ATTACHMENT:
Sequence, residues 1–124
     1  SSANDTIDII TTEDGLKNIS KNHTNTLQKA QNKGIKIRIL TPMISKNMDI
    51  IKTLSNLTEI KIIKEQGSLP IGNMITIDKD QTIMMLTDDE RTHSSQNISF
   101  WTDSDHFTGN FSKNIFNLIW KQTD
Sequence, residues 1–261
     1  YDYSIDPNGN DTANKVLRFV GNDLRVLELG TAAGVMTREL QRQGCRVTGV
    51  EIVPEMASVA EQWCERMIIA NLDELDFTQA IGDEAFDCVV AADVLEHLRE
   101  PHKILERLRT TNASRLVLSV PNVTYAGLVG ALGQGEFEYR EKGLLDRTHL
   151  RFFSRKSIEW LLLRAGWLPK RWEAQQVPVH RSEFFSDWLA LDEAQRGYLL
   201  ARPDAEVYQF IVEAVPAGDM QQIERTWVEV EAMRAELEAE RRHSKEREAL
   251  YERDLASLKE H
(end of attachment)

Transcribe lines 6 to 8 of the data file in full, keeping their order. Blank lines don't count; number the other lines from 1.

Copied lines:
     1  YDYSIDPNGN DTANKVLRFV GNDLRVLELG TAAGVMTREL QRQGCRVTGV
    51  EIVPEMASVA EQWCERMIIA NLDELDFTQA IGDEAFDCVV AADVLEHLRE
   101  PHKILERLRT TNASRLVLSV PNVTYAGLVG ALGQGEFEYR EKGLLDRTHL